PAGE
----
Actually, no. As artists, if our goal is creating art, I don’t think it matters how we get to that end. We’re going to be producing art either way. Pinhole is pinhole.
I absolutely love having the wet darkroom up and running, while going back and forth from the tripod in the back yard or wherever, with an oatmeal cylinder camera using enlarger paper. We’ll learn from each exposure.
On the other hand, I also truly enjoy hiking deeper into the woods with a digital camera fitted with a pinhole or zone plate body cap. With digital lensless imaging I enjoy making devices for the body that produce the widest angle of view as possible.
Sometimes, I’ll expose the same scene with both pinhole and zone apertures and layer the finished image.
Can you talk a bit about your pinhole philosophy? Is it limited to making a pinhole photograph, or is there a whole-of-life implication to your perspective?
I don’t relax enough. When I get out in the wilds and watch the timer tick, I am transformed into a more restful being. There’s a certain feeling, eh? Lensless imaging slows the artist’s pace. One can experience so much just being there, listening, to nothing, if that’s the case. It’s just not the same as walking through life with a lens camera.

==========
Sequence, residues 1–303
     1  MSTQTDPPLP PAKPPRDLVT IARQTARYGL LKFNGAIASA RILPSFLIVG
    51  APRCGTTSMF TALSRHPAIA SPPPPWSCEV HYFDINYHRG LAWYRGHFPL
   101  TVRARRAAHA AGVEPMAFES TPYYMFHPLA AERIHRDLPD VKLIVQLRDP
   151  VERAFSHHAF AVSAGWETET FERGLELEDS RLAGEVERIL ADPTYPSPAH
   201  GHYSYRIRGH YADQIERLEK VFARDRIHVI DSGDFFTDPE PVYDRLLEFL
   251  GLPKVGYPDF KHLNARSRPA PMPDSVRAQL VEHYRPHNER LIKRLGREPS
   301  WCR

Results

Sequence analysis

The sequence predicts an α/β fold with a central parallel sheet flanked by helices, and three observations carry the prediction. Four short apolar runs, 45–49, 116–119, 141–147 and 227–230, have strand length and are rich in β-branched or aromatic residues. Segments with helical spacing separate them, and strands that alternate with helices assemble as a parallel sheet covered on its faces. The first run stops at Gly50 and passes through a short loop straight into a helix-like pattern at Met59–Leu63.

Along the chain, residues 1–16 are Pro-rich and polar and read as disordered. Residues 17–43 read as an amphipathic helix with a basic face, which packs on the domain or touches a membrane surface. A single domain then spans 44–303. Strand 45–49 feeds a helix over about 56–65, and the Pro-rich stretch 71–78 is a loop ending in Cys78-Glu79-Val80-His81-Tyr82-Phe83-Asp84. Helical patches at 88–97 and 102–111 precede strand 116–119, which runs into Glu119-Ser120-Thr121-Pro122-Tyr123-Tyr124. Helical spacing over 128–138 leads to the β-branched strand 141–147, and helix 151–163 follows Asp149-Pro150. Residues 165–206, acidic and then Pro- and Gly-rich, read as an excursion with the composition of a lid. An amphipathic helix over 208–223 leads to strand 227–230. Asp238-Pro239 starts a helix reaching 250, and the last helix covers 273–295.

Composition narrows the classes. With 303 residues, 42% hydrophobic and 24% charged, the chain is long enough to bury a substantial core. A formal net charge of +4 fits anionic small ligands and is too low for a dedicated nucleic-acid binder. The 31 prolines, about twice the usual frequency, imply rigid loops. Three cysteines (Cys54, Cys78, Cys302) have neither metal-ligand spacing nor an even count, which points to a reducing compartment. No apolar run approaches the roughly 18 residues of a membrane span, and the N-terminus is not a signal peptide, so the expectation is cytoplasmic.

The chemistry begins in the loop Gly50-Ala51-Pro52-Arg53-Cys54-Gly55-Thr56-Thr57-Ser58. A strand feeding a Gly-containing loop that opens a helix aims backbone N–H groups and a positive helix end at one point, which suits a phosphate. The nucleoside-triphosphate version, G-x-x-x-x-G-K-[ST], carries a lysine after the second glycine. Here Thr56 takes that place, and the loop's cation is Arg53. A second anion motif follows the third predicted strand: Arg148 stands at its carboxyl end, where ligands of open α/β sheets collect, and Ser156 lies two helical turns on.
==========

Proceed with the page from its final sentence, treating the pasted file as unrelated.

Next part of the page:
Can you speak to your process of taking a picture? Does it change depending on the camera you’re using? Do you have a shooting ritual?
I’ll spend a great deal of time designing an image idea. One of my favorite sayings is “ ya know, ya don’t want to rush into anything”. Maybe that’s one reason the house ain’t done, eh?
I’ll find myself thinking about the possibilities in the middle of the night or while I’m doing more important things like driving or chopping onions with a chef’s knife. I might dream up a possible image in November, think about it all winter and have to wait till spring to try it out, insisting the surroundings are to my specs.
It doesn’t really change depending on the camera or equipment. When I’m goin’ lenless I’m relaxing and enjoying the moment.
On your website you refer to “photographic enlightenment”. What does this phrase mean to you?
Photographic Enlightenment? Viewing a finished image that makes me feel the way I did in the ‘50’s when my first contact print came up in the Dektol. Either on the monitor or in the darkroom I’m witnessing a creation that’s mine, to be shared. The enlightenment is the artist’s reward.
Folks, f269 an’ be there!!!
For more information on what pinholebilly is doing up there in Maplewood, WI, and to see some more of his spectacular equipment and imagery, check out his website.